To a mixture of 5.2 g. D-Trp-(ε-2-Cl-CBZ)Lys-(O-Bzl)Thr-(Acm)Cys-(O-Bzl)Thr-(O-Bzl)Ser-Aha-(ε-2-Cl-CBZ)Lys-Abu-(Acm)Cys-Phe-O-CH2 -φ-resin in 50 ml. freshly degassed DMF was added 5.0 ml. NH2 -NH2. The mixture was magnetically stirred at room temperature for 1 hour. The mixture was filtered to remove the resin. The resin was washed with 4 15 ml. DMF. The filtrate and washings were concentrated in vacuo to near dryness. The semi-solid residue was triturated with ether to obtain a solid. The solid was collected by filtration, and dried in vacuo for 30 min. to yield 3.50 g. crude product. The solid was slurried with 4 30 ml. water to remove all traces of formylhydrazide and dried in vacuo overnight to give 2.67 g. of product.

Step c) - Preparation of D-Trp-(ε-2Cl-CBZ)-Lys-(O-Bzl)Thr-(Acm)Cys-(O-Bzl)Thr-(O-Bzl)Ser-Aha-(ε-2-Cl-CBZ)Lys-Abu-(Acm)Cys-Phe-N3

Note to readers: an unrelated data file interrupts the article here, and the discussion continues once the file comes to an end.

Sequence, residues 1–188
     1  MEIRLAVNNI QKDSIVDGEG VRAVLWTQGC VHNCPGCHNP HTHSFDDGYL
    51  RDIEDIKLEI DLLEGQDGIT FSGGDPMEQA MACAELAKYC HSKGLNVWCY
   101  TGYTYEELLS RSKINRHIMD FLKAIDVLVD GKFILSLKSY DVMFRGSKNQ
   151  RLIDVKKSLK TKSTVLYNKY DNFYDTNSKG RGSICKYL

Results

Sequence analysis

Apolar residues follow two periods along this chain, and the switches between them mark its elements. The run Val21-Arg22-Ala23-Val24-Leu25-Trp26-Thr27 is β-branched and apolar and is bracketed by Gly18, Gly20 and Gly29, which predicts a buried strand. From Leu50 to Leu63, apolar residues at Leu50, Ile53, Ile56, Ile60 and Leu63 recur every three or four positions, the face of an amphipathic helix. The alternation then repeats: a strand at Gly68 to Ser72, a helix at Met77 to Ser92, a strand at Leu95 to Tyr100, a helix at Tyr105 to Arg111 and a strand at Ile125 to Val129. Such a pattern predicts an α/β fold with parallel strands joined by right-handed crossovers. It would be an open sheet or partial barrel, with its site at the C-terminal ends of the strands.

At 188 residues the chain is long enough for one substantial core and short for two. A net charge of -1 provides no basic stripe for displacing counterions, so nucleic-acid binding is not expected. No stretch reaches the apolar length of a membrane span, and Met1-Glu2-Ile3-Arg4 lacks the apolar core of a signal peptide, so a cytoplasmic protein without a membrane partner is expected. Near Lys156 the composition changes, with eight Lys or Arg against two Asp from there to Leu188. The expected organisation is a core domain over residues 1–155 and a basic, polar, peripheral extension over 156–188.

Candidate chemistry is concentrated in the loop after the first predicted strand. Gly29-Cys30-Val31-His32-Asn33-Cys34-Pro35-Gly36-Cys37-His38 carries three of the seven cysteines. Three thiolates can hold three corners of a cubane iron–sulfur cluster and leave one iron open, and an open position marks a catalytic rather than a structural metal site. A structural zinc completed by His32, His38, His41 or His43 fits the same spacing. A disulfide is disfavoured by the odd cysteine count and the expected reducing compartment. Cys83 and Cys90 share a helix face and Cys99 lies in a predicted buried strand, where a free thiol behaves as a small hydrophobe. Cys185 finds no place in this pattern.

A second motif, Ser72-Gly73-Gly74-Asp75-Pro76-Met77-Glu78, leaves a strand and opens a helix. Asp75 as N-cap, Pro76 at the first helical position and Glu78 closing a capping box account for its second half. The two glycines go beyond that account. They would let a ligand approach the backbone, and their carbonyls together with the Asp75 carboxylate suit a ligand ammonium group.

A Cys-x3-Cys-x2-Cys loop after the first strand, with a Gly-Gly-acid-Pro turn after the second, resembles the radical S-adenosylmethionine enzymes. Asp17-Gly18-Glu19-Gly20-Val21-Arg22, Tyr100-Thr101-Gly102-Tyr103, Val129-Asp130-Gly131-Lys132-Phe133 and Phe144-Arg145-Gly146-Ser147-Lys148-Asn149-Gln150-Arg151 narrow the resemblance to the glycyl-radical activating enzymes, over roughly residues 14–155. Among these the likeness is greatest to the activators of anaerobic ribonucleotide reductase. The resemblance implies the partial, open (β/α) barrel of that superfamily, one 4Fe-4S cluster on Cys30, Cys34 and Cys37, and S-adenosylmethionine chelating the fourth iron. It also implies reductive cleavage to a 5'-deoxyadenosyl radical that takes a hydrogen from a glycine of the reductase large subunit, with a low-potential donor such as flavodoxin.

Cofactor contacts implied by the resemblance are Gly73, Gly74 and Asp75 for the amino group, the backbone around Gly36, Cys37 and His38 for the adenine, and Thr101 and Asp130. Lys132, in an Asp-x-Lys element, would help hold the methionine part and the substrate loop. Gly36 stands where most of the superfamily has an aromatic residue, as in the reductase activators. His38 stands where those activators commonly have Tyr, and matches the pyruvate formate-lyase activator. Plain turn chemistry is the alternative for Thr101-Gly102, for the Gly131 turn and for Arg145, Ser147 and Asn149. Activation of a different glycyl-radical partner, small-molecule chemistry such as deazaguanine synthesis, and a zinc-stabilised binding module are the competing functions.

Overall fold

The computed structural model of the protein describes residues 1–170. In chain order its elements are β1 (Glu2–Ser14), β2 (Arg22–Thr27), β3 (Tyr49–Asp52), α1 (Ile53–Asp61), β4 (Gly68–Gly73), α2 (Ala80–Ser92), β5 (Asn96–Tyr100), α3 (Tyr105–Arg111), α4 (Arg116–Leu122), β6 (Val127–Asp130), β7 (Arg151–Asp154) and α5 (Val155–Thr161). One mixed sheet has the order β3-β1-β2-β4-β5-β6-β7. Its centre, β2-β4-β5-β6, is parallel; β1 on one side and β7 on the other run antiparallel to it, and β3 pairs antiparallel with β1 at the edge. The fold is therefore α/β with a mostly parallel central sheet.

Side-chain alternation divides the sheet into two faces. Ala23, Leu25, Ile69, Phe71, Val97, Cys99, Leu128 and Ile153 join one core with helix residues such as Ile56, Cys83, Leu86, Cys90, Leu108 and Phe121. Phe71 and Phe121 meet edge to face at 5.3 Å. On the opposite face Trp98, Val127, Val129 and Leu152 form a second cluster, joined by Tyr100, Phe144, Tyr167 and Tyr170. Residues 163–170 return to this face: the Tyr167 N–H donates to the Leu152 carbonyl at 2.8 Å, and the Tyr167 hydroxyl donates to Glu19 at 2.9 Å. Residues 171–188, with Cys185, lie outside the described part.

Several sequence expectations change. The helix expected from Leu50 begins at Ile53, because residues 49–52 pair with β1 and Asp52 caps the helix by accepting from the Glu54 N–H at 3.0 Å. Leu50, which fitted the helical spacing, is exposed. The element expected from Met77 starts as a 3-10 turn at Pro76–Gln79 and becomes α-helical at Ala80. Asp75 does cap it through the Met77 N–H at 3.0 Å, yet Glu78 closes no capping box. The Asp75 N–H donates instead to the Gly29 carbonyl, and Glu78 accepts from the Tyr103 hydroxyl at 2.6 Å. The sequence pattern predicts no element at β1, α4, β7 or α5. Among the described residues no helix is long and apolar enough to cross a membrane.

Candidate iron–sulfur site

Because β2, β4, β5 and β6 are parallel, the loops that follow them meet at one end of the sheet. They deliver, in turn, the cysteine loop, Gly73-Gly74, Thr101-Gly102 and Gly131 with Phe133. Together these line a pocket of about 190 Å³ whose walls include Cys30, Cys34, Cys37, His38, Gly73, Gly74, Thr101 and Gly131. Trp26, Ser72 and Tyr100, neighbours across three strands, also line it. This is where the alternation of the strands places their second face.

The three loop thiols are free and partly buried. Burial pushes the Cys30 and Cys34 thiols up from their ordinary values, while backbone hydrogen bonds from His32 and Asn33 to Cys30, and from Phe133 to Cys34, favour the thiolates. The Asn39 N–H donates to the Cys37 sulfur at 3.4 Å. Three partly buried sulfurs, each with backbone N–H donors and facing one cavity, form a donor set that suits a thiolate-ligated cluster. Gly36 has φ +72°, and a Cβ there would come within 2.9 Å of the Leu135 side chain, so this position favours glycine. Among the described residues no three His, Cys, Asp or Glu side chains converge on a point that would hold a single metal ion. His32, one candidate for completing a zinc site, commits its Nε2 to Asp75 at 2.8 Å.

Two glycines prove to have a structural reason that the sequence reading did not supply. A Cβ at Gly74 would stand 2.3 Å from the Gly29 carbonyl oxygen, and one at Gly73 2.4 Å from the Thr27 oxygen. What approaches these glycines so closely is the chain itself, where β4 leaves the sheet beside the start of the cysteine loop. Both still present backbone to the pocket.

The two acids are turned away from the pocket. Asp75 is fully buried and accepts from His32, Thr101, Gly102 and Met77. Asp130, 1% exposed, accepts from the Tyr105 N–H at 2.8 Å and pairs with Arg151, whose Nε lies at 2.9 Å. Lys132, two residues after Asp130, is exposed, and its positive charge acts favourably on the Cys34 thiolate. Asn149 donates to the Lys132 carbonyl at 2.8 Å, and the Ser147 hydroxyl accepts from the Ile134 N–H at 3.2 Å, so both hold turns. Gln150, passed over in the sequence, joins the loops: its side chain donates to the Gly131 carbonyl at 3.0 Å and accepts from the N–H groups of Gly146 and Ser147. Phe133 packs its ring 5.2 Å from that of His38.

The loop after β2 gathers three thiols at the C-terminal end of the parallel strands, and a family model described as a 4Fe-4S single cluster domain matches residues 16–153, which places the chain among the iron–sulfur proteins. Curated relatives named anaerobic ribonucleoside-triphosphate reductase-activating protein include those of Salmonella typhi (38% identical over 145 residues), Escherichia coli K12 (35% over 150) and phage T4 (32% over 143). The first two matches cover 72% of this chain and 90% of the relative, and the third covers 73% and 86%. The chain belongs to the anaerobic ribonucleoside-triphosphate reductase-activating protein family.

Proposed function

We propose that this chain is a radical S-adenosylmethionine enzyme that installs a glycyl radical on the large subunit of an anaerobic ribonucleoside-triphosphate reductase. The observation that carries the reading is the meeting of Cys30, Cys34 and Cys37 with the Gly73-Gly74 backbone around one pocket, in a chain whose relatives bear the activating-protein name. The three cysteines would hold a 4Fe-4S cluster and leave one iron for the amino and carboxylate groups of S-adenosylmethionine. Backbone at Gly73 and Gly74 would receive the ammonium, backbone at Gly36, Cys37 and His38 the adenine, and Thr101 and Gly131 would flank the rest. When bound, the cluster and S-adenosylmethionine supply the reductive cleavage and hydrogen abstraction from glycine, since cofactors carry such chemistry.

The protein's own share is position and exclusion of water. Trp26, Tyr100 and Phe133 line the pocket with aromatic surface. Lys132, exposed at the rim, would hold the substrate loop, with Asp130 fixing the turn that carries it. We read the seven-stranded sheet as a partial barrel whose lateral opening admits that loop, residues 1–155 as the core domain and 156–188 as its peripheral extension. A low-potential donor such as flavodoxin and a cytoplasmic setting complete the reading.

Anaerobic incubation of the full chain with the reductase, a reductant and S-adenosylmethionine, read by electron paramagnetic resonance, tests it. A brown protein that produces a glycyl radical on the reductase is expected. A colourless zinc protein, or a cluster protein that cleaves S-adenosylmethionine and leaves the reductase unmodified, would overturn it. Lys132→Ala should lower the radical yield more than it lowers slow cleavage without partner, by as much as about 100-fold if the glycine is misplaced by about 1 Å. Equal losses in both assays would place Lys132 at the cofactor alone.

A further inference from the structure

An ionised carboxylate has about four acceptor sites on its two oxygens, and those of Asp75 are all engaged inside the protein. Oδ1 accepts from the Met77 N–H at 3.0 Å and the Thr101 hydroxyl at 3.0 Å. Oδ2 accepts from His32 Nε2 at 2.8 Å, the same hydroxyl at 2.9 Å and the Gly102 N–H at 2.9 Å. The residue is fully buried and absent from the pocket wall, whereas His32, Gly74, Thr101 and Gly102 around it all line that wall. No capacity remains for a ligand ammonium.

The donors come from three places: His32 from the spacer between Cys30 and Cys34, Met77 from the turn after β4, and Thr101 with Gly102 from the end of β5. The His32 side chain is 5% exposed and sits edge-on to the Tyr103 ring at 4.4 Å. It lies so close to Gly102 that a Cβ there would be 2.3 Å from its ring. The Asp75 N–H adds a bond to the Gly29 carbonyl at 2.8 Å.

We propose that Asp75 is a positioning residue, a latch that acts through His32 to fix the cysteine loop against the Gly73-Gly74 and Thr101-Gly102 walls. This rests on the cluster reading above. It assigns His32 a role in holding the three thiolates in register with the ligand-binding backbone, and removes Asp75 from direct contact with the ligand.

D-Trp-(ε-2-Cl-CBZ)Lys-(O-Bzl)Thr-(Acm)Cys-(O-Bzl)Thr-(O-Bzl)Ser-Aha-(ε-2-Cl-CBZ)Lys-Abu-(Acm)Cys-Phe-NH-NH2 (2.55 g., 1.22 mmole), prepared by the process set forth in Step b), was suspended in 25 ml. freshly degassed DMF. The suspension was stirred magnetically at -40 C. To the suspension was added 1.76 ml. of 5.92N HCl in THF (8.5 equivalents). The resulting clear acidic solution, "pH" 1.0 to 1.5, was warmed to -25 C. and 0.20 ml. isoamyl nitrite (0.135 ml./mmole, 1.2 equivalents) was added and stirring continued for 30 minutes. This solution of D-Trp-(ε-2-Cl-CBZ)Lys-(O-Bzl)Thr-(Acm)Cys-(O-Bzl)Thr-(O-Bzl)Ser-Aha-(ε-2-Cl-CBZ)Lys-Abu-(Acm)Cys-Phe-N3 was used immediately in Step d).

Step d) - Preparation of Cyclo[Aha-(ε-2-Cl-CBZ)-Lys-Abu-(Acm)Cys-Phe-D-Trp-(ε-2-Cl-CBZ)Lys-(O-Bzl)Thr-(Acm)Cys-(O-Bzl)Thr-(O-Bzl)Ser]